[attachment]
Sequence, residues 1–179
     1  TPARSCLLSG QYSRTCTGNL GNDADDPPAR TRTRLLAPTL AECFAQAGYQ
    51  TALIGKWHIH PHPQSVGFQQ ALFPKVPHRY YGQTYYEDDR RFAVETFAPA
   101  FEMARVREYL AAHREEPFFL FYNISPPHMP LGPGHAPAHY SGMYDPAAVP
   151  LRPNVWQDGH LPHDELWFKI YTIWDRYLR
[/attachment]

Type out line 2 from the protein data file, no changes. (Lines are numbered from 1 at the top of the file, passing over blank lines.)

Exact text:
     1  TPARSCLLSG QYSRTCTGNL GNDADDPPAR TRTRLLAPTL AECFAQAGYQ